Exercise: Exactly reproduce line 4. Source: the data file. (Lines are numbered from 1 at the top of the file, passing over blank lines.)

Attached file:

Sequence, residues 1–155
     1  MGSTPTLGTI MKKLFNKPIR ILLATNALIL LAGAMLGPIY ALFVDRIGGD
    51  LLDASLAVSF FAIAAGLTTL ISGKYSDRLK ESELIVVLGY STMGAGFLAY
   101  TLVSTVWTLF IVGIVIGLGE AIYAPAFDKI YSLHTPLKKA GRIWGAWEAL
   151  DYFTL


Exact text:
   101  TLVSTVWTLF IVGIVIGLGE AIYAPAFDKI YSLHTPLKKA GRIWGAWEAL